So it was a sense of relief that he opened a letter in 2007 and discovered that his family was desperate to contact him. His mother had registered him as a missing person, but when police were unable to locate her son she had turned, at their suggestion, to the Salvation Army. Five years after her son disappeared, Brown received some unbelievable news. “I got a call saying that they knew where he was. I was like, ‘Oh my god, wow.’ It was just so exciting.
“I felt relieved and maybe also happy that they wanted to talk to me,” Harber says of that first phone call home, “and also surprised that they wanted to talk to me.” But more than anything, he was taken aback. “Missing people, they were someone else to me. I just didn’t see myself as that statistic or in that class. I knew where I was. I didn’t think I was hiding. I was just living life, doing whatever. You’re still putting in a tax return. You’ve got a bank account. I hadn’t changed my name. I hadn’t done anything. I didn’t think I was a missing person.”
Not all endings are like this. Many times the missing person is never sighted again, and families spend the rest of their lives wondering what happened. Even when there is a conclusion, the outcome can be tragic. As Liz Davies says, “No matter how long somebody is missing, it’s not a preparation for happens if they’re found.”
But an ending is what families, such as Alan de Courcy Ellis and his adult children, dream about most. They spend 115 weeks wondering what had happened to their wife and mother, Jean, who at 73 had become increasingly fragile as the depression and back pain for which she was being treated intensified. For three years Alan was her carer. After an especially rough day in December 2010, he kissed her goodnight as she sat up watching television, and went to bed.
When he awoke the next morning, his wife and his car had both disappeared. Jean’s bag was still at home and she had taken no money with her. On the kitchen bench at their home near Sydney’s Botany Bay, she had left a note alluding to the misery she felt her life had become. “But she doesn’t say goodbye in it,” says 79-year-old Alan. And it was that slender strand of hope that gave him the momentum to endure all the despair and uncertainty that comes when someone goes missing, through a massive police sweep of the area around their Kurnell home, a two-day SES search, a public appeal on radio, and then the weeks and months of silence as Jean’s absence continued.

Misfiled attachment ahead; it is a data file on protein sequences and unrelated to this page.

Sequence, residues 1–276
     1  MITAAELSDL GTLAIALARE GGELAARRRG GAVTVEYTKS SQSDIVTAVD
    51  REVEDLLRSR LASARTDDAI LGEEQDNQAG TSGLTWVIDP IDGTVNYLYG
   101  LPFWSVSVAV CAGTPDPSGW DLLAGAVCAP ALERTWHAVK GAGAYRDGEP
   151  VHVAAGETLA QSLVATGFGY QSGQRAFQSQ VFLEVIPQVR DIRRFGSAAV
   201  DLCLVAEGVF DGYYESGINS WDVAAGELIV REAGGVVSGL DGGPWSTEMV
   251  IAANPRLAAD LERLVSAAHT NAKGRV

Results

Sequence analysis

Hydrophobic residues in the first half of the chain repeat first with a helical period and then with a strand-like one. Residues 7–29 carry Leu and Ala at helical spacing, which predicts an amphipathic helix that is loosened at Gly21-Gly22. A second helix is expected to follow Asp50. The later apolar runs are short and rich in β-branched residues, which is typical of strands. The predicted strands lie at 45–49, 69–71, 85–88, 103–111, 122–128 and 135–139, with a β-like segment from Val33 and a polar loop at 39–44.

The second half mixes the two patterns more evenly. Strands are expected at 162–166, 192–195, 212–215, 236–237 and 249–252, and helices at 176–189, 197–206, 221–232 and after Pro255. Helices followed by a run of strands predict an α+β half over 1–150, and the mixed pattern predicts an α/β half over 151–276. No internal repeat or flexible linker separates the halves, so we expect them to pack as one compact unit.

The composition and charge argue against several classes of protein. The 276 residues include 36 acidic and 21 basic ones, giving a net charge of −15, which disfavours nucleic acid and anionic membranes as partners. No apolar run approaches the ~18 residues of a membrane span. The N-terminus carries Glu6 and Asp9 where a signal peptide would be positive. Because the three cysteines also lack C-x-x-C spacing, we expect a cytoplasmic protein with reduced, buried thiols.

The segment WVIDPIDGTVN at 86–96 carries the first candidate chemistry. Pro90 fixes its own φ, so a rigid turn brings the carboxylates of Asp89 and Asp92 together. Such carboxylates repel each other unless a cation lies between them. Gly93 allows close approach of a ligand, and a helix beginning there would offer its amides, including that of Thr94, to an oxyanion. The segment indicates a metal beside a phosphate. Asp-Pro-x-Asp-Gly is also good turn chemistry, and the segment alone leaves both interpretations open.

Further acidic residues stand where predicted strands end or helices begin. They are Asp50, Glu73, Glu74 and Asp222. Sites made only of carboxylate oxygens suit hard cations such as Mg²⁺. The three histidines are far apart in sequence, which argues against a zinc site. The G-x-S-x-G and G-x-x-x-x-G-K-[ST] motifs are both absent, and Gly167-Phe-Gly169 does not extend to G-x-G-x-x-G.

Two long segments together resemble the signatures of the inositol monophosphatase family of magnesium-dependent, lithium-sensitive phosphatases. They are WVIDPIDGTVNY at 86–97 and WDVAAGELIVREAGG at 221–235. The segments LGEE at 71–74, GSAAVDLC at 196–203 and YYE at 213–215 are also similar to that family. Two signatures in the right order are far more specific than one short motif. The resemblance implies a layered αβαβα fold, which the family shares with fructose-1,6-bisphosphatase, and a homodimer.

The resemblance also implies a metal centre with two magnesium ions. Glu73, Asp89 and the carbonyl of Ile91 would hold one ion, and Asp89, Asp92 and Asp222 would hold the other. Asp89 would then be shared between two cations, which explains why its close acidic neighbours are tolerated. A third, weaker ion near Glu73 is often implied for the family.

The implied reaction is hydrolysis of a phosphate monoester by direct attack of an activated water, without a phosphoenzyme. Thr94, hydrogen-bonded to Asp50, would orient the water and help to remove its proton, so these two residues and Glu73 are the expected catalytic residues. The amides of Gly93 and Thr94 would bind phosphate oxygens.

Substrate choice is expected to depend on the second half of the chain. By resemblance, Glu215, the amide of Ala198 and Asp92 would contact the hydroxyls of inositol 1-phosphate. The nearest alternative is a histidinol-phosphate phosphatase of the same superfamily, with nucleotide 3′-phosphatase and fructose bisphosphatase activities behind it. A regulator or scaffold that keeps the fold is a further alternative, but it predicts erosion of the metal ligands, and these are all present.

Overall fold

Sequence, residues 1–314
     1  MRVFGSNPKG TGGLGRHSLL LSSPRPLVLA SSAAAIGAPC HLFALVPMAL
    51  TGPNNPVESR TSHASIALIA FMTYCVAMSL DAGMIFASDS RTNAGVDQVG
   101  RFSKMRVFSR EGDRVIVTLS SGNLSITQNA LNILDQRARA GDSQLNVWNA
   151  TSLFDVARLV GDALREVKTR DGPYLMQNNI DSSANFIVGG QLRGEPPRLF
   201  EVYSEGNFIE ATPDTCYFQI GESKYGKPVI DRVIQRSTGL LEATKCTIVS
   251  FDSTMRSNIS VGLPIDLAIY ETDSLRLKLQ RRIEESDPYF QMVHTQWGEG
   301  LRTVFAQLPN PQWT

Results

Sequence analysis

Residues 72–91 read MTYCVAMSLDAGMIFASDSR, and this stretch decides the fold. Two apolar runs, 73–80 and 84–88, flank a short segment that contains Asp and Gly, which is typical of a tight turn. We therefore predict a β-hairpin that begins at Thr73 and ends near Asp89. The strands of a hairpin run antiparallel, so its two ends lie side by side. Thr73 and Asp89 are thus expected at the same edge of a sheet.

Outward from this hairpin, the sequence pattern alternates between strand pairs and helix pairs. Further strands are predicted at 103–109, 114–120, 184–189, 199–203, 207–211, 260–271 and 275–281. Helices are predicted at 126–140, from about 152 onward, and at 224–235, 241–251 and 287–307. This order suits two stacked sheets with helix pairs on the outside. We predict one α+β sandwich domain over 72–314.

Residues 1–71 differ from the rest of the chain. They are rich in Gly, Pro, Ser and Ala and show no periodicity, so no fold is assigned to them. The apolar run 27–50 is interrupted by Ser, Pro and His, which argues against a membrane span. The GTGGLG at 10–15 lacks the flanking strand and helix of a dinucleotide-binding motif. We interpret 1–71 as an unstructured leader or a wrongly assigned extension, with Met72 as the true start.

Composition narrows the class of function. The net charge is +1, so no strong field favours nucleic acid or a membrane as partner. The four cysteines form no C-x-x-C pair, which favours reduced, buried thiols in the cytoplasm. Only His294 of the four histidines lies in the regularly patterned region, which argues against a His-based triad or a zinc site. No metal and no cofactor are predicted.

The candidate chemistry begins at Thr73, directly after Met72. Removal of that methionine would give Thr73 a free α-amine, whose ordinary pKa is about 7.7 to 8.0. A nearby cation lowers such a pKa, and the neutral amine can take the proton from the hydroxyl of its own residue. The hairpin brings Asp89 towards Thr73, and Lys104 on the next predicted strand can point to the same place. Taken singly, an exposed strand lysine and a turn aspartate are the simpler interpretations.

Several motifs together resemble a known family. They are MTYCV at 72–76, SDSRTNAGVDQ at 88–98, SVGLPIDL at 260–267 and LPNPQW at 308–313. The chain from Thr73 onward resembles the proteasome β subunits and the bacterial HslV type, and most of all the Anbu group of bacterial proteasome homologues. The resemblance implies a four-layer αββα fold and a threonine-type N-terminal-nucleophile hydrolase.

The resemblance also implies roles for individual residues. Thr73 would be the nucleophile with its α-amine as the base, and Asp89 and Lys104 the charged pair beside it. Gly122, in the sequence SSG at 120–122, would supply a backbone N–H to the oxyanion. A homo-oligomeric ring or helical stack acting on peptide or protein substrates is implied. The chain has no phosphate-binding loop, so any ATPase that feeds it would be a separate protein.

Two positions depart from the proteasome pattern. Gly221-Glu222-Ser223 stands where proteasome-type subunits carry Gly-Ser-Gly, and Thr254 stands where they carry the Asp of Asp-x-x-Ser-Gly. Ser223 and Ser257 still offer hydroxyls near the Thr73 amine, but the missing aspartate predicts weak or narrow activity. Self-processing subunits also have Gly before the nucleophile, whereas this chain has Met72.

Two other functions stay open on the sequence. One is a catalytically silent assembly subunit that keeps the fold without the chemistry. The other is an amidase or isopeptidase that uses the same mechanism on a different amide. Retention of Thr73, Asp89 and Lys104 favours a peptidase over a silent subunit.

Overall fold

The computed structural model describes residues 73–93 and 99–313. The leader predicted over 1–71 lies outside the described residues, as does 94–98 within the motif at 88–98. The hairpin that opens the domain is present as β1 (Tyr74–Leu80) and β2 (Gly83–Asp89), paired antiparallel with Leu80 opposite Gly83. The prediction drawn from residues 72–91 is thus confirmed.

After 53 years of marriage, Alan could not be certain if he should mourn his wife or await her return. So he carved her name into a wooden cross and nailed it high up on a telegraph pole beside the bay, where the missing car was later found, less than a kilometre from home. “I used to come down here and talk to her.”
On February 28th this year, 28 months after Alan kissed his wife goodnight, a kayaker found a skull in Botany Bay. A police search later recovered a body. Jean was identified by a metal ball inserted during an operation. Her funeral was held in April. A coroner found she had taken her own life.
After so long, Jean’s family were grateful for an ending. “It’s a terrible sadness, and loneliness has descended upon me,” says Alan. “But the missing part was worse than now.”
For those waiting and hoping, life continues in its endless holding pattern. “There are the days you think and hope maybe he’ll ring,” Sue Neville says as she contemplates the next step in her son Bobby’s disappearance – a coronial inquest scheduled for August. “Common sense tells you he won’t ring because he would have by now, but you still think on those days, maybe.”
So she and her husband Bob console themselves with what they can: reminiscing and looking over and over at their son’s photographs. It’s then that seem happiest. “We’ll be sitting there and the sun will be shining and Sue will say, ‘Do you want another cup of tea and biscuit?’ and I’ll start and I’ll mention something and Bobby will come into it somewhere and then off we’ll go,” says Bob.
“We’ll be having this conversation and it’s just so relaxed and so easy and before you know it we’re talking about Bobby and we’re laughing and, ‘Wow, wasn’t that great? And Sue says, ‘You know we had him for 30 years here, but that kid, he’s squeezed a whole lifetime into those 30 years,'”
Their property remains scattered with signs of their son – the creek he helped dig at the back of the yard, the paving he laid, his old bedroom which has not been touched. His trusty ute is still lovingly maintained. Long after Bobby’s disappearance, his parents spent two days cleaning it. “Every bit of polish and scrub and detail – it felt good because it was for Bobby,” says his father.
As the years have passed in unresolved silence, maintaining Bobby’s ute has become a ritual, cleaning it and running the engine regularly, ready to go again at a moment’s notice in case Bobby comes back one day and decides he does not want to stay too long.
“You’re not playing games with yourself,” Bob insists of this act of love with which he perseveres, even as his own health declines. “It’s not that at all. It makes you feel good because you’re talking about him.” And his eyes smile faintly. “It’s like he’s almost there.” – Fiona Harari (GW)